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Road safety: 25 thousand casualties a year in the EU. A slight decrease in 2017. EU Commission, “striving to do better”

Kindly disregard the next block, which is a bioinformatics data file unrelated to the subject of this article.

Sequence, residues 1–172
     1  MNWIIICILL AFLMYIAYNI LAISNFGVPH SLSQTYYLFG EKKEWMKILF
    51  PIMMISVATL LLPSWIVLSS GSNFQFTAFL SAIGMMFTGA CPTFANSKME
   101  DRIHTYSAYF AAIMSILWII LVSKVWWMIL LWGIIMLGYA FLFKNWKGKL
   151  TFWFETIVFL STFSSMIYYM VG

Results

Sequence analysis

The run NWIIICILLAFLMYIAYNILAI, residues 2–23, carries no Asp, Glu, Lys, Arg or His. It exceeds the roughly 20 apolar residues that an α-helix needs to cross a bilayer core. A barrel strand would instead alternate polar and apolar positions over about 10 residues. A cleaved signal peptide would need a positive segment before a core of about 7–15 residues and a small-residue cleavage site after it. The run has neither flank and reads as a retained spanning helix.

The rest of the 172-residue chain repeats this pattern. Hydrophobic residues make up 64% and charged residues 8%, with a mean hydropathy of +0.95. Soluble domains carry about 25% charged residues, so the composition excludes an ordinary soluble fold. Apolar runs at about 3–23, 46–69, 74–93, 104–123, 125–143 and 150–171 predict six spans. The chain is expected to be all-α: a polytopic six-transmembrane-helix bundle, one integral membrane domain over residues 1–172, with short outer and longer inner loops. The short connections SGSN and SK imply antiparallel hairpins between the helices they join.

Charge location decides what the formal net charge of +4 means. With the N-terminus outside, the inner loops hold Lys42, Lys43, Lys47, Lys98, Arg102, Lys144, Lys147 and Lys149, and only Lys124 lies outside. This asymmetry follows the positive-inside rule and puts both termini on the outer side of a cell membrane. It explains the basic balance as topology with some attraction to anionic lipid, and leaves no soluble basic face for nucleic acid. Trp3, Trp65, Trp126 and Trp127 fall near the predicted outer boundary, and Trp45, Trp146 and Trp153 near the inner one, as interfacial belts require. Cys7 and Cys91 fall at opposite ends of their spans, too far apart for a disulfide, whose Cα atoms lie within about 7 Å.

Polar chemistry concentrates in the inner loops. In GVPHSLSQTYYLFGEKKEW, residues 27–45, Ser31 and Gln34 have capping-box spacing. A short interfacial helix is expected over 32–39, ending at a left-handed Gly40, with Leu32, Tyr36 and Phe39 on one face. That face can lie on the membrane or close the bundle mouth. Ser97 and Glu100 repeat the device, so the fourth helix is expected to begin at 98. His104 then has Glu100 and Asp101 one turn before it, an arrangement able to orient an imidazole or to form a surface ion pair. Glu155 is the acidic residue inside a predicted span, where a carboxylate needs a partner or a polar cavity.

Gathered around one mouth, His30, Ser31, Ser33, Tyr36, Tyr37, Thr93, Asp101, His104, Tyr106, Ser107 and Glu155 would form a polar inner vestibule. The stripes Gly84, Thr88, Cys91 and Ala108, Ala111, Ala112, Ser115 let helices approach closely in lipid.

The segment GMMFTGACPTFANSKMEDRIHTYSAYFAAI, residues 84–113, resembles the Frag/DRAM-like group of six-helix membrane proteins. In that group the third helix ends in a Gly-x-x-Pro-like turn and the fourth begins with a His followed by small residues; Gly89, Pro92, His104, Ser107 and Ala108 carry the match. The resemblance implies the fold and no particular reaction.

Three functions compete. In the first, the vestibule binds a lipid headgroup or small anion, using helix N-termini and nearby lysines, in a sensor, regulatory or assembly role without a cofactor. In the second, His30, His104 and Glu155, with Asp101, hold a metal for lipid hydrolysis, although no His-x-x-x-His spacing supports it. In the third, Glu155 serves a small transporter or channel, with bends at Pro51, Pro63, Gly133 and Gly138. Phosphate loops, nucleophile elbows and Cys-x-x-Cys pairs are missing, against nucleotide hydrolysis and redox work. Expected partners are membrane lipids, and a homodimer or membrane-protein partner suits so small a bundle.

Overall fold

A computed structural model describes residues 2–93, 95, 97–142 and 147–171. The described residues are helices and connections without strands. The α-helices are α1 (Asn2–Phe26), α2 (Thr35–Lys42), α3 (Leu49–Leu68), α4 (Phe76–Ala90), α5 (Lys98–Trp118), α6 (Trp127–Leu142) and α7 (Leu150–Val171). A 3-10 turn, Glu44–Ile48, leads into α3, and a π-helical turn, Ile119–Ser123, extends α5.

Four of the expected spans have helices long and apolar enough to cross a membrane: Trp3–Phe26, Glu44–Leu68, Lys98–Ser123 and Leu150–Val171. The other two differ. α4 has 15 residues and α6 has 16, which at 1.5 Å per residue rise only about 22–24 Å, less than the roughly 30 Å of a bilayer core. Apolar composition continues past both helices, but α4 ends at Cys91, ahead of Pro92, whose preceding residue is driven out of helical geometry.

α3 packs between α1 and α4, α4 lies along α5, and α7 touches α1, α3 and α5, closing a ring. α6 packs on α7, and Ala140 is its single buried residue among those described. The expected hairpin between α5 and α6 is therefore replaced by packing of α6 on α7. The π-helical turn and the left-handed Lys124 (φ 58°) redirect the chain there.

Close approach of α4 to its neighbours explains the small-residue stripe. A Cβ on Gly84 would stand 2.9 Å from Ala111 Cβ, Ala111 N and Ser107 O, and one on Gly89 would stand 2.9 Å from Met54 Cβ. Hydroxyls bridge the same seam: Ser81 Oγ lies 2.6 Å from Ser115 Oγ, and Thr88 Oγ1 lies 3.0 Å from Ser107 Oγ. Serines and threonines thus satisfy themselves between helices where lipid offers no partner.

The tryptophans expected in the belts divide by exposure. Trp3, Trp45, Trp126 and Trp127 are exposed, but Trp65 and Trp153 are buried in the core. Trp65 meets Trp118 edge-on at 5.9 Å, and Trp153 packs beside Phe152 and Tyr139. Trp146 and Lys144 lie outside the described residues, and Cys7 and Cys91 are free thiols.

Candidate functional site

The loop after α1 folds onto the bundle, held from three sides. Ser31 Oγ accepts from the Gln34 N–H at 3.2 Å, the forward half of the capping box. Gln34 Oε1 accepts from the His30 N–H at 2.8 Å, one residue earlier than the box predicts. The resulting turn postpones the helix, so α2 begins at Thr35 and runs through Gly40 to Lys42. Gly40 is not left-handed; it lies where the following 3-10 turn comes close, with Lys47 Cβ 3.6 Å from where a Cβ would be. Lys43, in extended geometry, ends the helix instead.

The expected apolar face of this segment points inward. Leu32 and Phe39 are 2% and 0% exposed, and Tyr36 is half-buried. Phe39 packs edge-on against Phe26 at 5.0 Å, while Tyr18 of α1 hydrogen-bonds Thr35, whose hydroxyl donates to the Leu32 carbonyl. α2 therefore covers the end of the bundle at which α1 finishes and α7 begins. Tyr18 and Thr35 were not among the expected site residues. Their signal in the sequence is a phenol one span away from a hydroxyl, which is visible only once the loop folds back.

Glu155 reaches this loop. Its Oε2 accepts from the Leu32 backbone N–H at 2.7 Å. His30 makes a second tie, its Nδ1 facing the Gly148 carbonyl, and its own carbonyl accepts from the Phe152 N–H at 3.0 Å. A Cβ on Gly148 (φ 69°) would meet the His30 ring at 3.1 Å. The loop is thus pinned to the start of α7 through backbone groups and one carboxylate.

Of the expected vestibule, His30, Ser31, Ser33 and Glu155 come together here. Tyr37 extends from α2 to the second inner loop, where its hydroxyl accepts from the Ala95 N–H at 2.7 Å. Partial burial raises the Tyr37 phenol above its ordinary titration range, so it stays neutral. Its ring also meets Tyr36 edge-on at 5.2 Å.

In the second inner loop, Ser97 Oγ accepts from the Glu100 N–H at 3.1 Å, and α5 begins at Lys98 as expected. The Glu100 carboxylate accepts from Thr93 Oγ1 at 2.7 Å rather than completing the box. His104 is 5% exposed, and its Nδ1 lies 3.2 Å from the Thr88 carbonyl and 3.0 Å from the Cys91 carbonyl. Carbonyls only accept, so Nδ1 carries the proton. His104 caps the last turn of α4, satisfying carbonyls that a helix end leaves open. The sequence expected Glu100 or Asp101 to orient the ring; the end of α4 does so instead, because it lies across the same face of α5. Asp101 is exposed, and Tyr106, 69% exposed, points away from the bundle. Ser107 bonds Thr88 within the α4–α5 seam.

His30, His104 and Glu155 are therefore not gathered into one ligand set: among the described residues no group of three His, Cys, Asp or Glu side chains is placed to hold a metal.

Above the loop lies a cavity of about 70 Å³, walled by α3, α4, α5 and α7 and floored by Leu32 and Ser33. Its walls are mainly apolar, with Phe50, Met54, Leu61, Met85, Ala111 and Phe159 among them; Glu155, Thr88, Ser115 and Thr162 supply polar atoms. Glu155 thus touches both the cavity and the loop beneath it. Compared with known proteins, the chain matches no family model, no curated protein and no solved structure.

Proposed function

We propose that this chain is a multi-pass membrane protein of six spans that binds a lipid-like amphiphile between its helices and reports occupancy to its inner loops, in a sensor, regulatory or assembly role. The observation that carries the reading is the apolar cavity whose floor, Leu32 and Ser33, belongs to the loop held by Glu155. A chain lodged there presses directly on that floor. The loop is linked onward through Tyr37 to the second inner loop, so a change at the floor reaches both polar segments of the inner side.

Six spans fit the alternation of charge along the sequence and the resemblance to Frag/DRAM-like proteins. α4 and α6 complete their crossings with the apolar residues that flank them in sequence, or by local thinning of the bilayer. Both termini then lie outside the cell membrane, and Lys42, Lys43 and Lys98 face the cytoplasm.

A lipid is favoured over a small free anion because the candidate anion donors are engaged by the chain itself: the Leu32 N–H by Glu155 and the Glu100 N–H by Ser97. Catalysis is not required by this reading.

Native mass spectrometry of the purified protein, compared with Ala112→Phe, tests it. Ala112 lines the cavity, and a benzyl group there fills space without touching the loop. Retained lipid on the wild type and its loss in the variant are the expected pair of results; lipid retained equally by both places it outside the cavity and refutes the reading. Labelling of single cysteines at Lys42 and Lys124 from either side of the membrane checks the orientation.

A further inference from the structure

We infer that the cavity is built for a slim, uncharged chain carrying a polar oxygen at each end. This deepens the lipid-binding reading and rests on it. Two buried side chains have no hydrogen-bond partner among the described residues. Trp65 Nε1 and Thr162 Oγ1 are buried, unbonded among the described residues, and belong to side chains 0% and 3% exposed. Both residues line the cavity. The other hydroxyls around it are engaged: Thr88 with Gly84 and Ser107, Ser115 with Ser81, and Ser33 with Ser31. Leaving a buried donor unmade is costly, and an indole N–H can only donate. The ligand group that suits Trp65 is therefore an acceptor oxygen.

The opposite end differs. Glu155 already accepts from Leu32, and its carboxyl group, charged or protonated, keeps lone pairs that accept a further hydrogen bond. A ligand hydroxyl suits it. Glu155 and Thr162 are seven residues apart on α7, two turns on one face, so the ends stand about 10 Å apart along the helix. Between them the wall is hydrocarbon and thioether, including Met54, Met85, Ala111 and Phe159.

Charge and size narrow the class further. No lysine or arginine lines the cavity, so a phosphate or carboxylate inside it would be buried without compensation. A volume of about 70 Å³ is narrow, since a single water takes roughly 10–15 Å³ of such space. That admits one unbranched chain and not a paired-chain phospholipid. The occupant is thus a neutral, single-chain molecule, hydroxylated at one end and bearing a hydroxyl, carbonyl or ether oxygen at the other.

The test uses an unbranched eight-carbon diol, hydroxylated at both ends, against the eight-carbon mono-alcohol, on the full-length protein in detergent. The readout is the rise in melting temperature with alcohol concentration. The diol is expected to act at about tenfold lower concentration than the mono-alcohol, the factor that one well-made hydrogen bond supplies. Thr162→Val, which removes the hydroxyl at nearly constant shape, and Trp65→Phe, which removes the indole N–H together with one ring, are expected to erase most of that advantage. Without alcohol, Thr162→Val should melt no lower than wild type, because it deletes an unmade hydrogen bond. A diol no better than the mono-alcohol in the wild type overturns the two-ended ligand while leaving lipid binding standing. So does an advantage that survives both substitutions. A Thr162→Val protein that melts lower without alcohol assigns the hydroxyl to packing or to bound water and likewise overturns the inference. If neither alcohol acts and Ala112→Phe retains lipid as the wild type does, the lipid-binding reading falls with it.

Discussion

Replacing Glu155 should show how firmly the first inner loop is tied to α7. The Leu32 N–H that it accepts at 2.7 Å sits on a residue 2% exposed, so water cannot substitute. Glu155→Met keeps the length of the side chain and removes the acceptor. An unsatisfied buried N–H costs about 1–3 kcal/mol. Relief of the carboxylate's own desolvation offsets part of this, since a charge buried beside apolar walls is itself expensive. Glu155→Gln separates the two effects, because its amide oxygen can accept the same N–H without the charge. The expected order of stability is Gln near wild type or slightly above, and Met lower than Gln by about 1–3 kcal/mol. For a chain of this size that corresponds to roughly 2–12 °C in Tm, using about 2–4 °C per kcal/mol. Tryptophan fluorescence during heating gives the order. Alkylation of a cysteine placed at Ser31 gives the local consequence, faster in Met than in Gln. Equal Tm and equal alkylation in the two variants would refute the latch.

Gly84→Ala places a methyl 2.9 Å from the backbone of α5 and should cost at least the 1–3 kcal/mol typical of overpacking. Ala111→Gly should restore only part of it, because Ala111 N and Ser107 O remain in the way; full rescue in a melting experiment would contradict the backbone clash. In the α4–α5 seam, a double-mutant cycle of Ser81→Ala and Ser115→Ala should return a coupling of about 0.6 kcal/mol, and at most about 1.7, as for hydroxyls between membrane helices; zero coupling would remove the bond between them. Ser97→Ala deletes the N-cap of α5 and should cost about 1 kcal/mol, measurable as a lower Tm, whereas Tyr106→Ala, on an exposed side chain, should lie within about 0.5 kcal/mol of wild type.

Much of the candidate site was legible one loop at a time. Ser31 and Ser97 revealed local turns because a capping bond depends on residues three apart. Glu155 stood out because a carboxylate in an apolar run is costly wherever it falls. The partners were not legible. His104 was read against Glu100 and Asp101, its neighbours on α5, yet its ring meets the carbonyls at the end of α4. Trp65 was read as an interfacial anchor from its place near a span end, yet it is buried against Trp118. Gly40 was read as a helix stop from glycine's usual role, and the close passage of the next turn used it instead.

(Brussels) The number of road casualties is decreasing in Europe, but the level of safety can still be improved. The 2017 interim road safety statistics published today by the EU Commission actually state that ,“for the second year on end, the number of casualties has decreased by about 2%”. In 2017, 25,300 people lost their lives on the EU’s streets, 300 less than in 2016 (-2%) and 6,200 less than in 6 2010 (-20%). “Though this trend is encouraging, it will still be very tough – the EU Commission points out – to reach the EU’s goal, that is, half the number of road casualties from 2010 to 2020”. In addition, it has been estimated that last year another 135 thousand people were seriously injured, including a wide number of weak users: people walking, riding a bike or a motorbike. “Accidents with dead or seriously injured people do not only affect the victims themselves but also society as a whole, with a socio-economical cost that has been estimated at 120 billion euros a year”. To make European roads even safer, “all the parties shall strive to do better”. While the national and local authorities are responsible for taking most daily measures, such as enforcing rules and holding awareness-raising campaigns, the EU Commission “is working at a number of effective measures to make more substantial progress”.

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